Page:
There are many reasons to respond to CDP, but one objective tends to stand out. Simply put: Those that report have a competitive advantage.
Companies that respond to CDP see a 67 percent higher return on equity versus their non-responding peers and organizations that participate have identified $53 billion worth of savings through the reporting process. Businesses not only satisfy customer and internal requests for transparency, and identify new business opportunities, but also improve investor relations. Which brings up the next point.
Companies who were either asked to respond to CDP this past year and didn’t, or those that failed to provide sufficient information, will see an ‘F’ next to their (very public) Climate Change, Water and Forest scores. While an ‘F’ in CDP technically means “failure to provide sufficient information to be evaluated,” it definitely brings back inner grade school fears. Many investors use CDP data to understand risk, protect investments and capitalize on opportunities with companies. When investors see ‘F’ — or a below-average score — it can have an impact on investor confidence and growth. And there’s little hope of slipping under the radar; in 2017, 803 institutional investor signatories with a combined $100 trillion in assets requested companies to disclose to CDP.
Investors are paying attention.
Didn’t make the A-List this year? Or the B- or C-List? Here are three things to do next year to improve scores:
1. Identify Gaps and Benchmark
Before submitting a CDP response, perform a gap analysis to determine your projected score. Identify gaps in previous year responses that may have lacked sufficient detail, and compare results with main competitors and customers in a detailed analysis and roadmap. Rephrase and complete sections that were missing key data and information. Clearly list actions and priorities to reach higher scores and help build a business case around sustainability to meet goals for responding next year and ensure a more desirable score in the coming year.
By performing a gap analysis and detailing clear actions for the year, companies have the opportunity to advance their sustainability programs, including recent concepts such as market-based calculations and Science-Based Targets. This allows companies to be better informed on the risks and implications new practices would have on a CDP score.
2. Set Science-Based Targets
Setting Science-Based Targets (SBTs) not only impacts CDP scores significantly, but enables companies to future-proof operations by reducing greenhouse gas emissions, helping to mitigate the worst impacts of climate change such as extreme weather, economic volatility and supply chain disruption. Unlike conventional carbon targets, which may fall short of the level of reductions required for climate mitigation, SBTs provide an accurate assessment of decarbonization progress based on economic productivity, carbon intensity or a combination of both.
According to a recent analysis, 89 percent of the world’s highest-emitting companies responding to CDP in 2017 reported emission reduction targets. Further, 14 percent of companies committed to SBTs, up from 9 percent in 2016, while 68 percent of companies are setting targets to at least 2020, with 20 percent planning sustainability actions to 2030 and beyond. Additionally, 30 percent of companies aim to set SBTs within the next two years.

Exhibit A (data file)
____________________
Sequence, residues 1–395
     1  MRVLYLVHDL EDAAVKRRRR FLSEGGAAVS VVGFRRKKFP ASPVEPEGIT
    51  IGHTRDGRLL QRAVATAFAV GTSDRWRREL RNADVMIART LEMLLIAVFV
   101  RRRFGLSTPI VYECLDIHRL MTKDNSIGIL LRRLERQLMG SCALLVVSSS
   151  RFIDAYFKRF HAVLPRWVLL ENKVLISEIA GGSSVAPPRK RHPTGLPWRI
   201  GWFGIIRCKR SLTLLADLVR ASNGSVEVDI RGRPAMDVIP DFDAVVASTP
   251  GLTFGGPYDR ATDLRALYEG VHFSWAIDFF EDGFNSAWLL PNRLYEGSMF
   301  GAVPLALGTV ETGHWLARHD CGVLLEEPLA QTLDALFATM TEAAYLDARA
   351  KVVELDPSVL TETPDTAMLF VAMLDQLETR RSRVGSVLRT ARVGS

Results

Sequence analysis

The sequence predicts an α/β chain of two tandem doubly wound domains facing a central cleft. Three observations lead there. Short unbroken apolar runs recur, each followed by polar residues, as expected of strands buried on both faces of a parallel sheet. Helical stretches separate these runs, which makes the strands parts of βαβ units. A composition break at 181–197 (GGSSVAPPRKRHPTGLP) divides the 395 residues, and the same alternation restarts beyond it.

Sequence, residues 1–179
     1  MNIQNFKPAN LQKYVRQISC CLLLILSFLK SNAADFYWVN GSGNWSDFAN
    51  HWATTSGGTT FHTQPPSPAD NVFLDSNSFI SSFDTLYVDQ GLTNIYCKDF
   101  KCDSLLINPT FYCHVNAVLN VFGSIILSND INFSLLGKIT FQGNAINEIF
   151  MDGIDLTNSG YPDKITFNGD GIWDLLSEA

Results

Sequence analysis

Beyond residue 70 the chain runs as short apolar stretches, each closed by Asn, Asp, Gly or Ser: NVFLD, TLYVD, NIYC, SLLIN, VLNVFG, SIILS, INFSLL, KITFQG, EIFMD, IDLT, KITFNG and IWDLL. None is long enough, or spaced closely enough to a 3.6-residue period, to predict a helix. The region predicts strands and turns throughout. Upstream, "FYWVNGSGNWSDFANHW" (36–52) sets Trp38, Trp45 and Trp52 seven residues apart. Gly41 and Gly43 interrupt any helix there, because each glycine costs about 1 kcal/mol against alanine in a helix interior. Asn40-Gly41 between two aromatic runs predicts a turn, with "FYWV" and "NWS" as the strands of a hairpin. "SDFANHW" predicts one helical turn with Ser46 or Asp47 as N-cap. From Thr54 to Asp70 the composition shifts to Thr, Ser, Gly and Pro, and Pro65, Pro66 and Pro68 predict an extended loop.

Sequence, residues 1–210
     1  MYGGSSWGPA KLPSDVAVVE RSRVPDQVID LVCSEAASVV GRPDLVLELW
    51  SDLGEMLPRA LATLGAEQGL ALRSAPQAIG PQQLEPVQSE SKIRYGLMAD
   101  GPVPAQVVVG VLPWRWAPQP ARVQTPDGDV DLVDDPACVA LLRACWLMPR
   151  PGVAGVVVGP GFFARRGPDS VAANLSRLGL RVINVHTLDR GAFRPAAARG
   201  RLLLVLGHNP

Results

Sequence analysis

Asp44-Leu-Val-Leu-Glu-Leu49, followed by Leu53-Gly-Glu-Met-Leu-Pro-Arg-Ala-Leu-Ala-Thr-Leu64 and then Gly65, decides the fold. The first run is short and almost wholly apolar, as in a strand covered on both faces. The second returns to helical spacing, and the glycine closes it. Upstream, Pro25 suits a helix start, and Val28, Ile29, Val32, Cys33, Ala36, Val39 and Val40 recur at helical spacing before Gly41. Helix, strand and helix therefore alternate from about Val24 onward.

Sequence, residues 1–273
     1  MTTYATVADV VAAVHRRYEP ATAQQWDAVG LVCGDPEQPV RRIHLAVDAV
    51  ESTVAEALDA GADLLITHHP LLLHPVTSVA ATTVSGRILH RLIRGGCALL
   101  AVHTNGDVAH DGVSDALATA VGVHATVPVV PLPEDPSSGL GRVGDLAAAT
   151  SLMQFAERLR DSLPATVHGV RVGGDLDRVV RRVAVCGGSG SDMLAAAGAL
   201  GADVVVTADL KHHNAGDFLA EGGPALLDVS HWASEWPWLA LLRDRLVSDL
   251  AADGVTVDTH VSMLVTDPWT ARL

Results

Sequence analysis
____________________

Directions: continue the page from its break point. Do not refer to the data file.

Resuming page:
Committing to SBTs not only helps safeguard future profitability, but provides companies with a long-term competitive advantage. For example, evidence shows that companies demonstrating leadership on climate action are more profitable. A CDP study of 500 S&P industry leaders found that organizations actively managing and planning for climate change secure an 18 percent higher return on equity or investment versus non-committed peers.
Many companies are now using internal carbon pricing as a tool in their financial decision-making process, which can help fund improvements in energy efficiency. There is a toolkit available from CDP and We Mean Business to assist companies in using carbon pricing that aligns with SBTs.
3. Collect, Assess and Verify Data
The first step for data certainty is to ensure full data management through a centralized data management platform. By having one platform where all data lives, companies have a more coherent picture and are able to tell a better story when responding to CDP in accordance to its methodology.
The next step is to bring in a third-party to verify greenhouse gas (GHG) inventories, and Scope 1, 2 and 3 emissions. CDP allocates a notable percentage of performance points to third-party verification, which can help improve a company’s overall score. CDP provides a list of acceptable third-party verifiers to ensure all related activities are comparable. Third-parties benefit a company’s score as they can determine if the data provided is adequate and can identify risks with how companies are accounting for carbon.
Watch this webinar to see how Becton, Dickinson & Company relies on a centralized platform to accelerate and simplify its data strategy.
Schneider Electric is proud to be CDP’s global Gold Partner for Consultancy and Software and Silver Partner for Renewable Energy.